Maria Tippler has proven herself highly effective in her role as Academic Affairs Officer and in her continued engagement with PGSS. Tippler ran on a platform of creating events to address issues specific to graduate students, like supervisory relationships, and accessibility and transparency within the organization.
During her term, Tippler has successfully delivered on all of her campaign promises and effectively solved other graduate academic items as they emerged. Despite having to handle missing documentation, she created the first formal report on the Library Improvement Fund (LIF) since 2009 with the help of the LIF Coordinator, along with a service level agreement to ensure stronger accountability and communication mechanisms for both parties, which she hopes to present to Council in Apr. 2019.
Tippler has worked diligently to strengthen institutional memory across the organization. She encouraged Commissioners to deliver monthly reports instead of semesterly accounts and created the Information Architect position to improve the organization of PGSS documentation. Tippler has also used her mandate to develop professional opportunities for graduate students, including a networking trip to Ottawa and funding of professional development classes organized by the Secretary-General.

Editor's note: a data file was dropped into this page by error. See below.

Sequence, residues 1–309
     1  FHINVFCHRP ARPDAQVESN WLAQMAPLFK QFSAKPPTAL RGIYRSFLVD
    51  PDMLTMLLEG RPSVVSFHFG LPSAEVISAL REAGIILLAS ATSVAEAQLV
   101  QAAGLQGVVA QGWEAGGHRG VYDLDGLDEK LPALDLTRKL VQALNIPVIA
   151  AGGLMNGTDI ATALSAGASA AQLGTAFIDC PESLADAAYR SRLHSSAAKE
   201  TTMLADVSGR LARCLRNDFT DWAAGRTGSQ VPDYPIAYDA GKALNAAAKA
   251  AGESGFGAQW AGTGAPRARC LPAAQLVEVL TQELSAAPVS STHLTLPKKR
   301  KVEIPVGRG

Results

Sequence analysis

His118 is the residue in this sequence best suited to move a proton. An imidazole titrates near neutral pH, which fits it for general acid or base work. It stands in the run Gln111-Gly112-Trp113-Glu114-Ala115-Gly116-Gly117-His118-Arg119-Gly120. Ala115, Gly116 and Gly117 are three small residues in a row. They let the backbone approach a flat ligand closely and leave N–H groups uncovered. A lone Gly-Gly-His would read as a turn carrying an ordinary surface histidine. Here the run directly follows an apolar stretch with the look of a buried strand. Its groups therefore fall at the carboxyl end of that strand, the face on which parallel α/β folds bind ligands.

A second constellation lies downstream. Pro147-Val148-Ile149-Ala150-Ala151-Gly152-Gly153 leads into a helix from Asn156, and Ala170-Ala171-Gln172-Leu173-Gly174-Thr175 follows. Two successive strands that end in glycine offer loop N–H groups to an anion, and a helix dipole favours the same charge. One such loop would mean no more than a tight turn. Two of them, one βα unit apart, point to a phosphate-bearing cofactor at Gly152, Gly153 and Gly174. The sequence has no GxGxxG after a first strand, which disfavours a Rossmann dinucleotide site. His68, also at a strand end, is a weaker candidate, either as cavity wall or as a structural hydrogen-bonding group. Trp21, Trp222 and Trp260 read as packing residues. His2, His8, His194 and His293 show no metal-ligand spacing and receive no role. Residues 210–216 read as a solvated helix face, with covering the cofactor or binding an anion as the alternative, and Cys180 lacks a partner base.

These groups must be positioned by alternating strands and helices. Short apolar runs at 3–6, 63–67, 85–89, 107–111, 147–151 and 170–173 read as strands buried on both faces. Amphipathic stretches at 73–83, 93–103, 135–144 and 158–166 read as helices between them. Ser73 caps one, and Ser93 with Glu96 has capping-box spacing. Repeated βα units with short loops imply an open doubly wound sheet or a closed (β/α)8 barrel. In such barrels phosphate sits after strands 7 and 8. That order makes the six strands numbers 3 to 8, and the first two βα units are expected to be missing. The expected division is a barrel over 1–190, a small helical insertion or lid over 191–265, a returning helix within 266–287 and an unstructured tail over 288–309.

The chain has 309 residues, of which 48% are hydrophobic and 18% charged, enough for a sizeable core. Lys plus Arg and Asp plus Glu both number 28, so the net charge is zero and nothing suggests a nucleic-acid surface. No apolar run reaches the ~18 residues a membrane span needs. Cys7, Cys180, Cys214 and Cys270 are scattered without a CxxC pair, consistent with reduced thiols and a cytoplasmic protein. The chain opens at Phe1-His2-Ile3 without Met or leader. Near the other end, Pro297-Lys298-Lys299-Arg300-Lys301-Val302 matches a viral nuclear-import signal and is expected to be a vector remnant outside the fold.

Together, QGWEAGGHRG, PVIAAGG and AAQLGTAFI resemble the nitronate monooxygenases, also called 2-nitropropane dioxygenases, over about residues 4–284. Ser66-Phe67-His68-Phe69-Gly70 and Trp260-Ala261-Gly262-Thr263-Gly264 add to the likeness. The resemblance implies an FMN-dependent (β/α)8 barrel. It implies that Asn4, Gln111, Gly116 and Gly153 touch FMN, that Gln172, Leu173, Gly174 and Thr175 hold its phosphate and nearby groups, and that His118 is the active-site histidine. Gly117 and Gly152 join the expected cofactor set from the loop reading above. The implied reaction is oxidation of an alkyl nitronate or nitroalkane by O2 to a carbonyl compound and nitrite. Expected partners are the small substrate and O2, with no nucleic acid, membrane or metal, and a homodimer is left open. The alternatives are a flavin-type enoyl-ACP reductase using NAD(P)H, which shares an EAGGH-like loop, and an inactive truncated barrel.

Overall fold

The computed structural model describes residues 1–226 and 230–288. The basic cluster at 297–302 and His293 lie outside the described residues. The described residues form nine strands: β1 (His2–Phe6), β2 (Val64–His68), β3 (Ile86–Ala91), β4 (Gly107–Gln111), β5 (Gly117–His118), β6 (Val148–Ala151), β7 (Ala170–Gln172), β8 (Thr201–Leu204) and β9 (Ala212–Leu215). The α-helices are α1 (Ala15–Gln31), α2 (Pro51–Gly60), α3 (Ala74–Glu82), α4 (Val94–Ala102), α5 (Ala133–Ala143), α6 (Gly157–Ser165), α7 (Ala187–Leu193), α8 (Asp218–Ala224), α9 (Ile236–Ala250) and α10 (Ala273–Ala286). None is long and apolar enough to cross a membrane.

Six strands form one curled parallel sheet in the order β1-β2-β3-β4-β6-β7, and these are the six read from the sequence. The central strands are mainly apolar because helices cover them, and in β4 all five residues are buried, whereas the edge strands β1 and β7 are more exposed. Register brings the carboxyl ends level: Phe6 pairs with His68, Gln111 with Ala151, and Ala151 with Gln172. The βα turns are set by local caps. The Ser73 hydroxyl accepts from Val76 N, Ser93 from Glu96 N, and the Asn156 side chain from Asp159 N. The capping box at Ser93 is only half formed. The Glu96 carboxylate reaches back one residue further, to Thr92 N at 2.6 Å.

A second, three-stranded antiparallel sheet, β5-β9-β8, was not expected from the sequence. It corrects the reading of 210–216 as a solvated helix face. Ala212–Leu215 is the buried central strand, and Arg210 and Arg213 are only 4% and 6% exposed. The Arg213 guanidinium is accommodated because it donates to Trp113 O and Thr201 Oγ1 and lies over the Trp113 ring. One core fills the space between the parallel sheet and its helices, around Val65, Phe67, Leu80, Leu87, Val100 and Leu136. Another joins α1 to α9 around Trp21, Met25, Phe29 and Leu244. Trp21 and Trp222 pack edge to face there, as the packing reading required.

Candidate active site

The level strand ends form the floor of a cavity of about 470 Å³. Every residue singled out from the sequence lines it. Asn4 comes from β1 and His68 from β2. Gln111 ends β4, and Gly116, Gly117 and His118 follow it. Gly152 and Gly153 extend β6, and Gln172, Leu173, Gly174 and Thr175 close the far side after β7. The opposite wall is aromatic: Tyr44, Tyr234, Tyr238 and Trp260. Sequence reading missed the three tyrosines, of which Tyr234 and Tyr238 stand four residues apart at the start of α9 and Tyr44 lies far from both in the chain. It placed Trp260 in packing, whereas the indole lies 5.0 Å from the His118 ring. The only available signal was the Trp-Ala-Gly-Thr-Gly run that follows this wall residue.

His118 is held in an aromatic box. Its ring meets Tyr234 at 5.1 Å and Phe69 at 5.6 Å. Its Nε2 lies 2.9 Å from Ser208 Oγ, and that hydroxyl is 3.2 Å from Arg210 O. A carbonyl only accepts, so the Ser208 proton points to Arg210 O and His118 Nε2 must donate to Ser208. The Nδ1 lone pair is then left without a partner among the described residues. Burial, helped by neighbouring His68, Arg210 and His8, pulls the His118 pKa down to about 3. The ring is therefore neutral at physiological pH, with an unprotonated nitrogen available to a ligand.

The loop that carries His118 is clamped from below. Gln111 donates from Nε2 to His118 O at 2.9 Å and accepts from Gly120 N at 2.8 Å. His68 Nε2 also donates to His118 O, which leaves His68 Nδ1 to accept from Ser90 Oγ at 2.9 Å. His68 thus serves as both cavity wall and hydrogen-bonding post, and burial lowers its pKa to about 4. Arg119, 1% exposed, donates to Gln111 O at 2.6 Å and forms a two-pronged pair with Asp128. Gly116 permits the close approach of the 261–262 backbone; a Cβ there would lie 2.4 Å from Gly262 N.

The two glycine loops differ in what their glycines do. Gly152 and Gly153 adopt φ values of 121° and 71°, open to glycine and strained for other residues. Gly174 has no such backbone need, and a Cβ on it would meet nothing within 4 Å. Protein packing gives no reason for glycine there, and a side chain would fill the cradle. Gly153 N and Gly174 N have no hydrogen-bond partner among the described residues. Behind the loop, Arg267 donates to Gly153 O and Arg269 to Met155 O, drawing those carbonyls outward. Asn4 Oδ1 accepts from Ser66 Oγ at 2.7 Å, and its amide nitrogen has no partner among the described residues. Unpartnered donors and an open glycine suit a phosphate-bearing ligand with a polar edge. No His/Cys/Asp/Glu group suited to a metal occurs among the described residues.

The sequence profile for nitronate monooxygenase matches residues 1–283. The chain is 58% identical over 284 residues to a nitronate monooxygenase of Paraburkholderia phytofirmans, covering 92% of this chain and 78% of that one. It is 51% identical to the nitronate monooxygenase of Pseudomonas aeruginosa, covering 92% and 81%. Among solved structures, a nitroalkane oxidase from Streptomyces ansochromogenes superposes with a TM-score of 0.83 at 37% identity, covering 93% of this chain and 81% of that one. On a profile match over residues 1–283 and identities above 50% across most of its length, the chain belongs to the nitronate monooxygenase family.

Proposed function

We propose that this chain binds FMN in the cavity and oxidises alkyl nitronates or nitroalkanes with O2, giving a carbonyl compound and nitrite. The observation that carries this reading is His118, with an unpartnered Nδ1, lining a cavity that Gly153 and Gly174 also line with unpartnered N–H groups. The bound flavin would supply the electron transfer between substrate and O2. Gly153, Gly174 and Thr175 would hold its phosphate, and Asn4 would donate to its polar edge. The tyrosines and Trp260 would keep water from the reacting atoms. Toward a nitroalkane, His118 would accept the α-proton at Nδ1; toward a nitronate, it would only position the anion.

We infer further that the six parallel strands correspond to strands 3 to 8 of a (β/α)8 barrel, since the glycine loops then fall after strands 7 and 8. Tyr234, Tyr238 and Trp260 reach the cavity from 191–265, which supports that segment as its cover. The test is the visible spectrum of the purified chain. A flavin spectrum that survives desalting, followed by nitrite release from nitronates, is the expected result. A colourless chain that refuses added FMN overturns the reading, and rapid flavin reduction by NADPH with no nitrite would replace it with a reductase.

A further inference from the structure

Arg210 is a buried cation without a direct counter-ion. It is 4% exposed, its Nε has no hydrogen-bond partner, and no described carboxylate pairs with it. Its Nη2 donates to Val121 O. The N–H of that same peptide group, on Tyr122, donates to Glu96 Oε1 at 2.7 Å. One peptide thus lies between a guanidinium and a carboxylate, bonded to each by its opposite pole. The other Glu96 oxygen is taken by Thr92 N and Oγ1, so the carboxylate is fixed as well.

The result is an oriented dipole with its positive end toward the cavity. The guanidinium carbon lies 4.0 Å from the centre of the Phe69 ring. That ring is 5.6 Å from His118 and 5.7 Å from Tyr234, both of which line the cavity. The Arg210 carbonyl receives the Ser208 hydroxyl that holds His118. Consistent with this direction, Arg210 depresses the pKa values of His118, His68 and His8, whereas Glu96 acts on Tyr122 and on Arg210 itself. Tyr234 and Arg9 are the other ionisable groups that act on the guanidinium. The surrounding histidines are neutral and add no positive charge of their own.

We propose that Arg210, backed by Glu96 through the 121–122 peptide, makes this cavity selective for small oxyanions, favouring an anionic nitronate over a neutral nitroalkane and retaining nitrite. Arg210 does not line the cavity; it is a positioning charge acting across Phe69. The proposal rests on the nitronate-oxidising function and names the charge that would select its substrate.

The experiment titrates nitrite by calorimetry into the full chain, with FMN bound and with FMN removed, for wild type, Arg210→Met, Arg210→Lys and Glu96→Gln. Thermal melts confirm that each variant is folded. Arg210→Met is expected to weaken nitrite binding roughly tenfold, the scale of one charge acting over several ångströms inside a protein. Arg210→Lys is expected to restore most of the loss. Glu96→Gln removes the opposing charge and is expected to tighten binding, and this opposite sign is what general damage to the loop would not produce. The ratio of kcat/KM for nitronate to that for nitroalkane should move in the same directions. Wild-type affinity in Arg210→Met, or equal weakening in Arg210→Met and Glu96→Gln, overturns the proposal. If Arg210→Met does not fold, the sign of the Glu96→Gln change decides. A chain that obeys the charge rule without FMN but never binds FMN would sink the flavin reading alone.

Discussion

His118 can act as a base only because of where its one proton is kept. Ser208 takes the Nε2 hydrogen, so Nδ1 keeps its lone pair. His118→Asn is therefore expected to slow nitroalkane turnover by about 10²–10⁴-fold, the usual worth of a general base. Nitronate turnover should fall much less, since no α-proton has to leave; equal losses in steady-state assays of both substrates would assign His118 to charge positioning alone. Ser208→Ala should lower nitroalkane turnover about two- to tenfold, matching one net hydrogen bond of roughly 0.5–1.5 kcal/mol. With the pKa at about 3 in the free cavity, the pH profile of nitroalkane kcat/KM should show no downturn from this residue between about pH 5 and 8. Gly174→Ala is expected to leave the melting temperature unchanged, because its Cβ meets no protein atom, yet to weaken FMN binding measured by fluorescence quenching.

Goh ran on a platform of increased visibility and accessibility of services, external collaboration, and consultation with students. Generally, he fulfilled campaign promises, but was unable to adequately engage with PGSS members to receive their feedback. One of his most significant accomplishments was the renewal of the Student Services fee in a referendum for post-doctoral students, allowing them to access resources like Career Planning Services (CaPS) and the McGill Student Health Service Clinic.
In accordance with his campaign promises to make external mental health resources more accessible, Goh also introduced a Health and Dental Insurance Plan fee increase, which will help PGSS continue to provide coverage while also expanding the policy to include services like flu shots and mental health treatment. Goh helped secure a full-time Local Wellness Advisor for graduate students at the new Rossy Wellness Hub.
Additionally, Goh increased the capacity the Study Sundays for Parents and Kids Program (SSPKP) by hiring paid babysitters.
The McGill Tribune Editorial Board reviewed the 2018-2019 Post-Graduate Student Society (PGSS) executives on their performance in their positions. The Editorial Board gave each executive a score from 1-10 based on how we felt the executives performed. The grades were converted from a percentage into a letter grade based on the McGill grading system. Under this grading scale a “C” is a passing grade that meets expectations, a “B” exceeds expectations, and an “A” refers to an outstanding performance.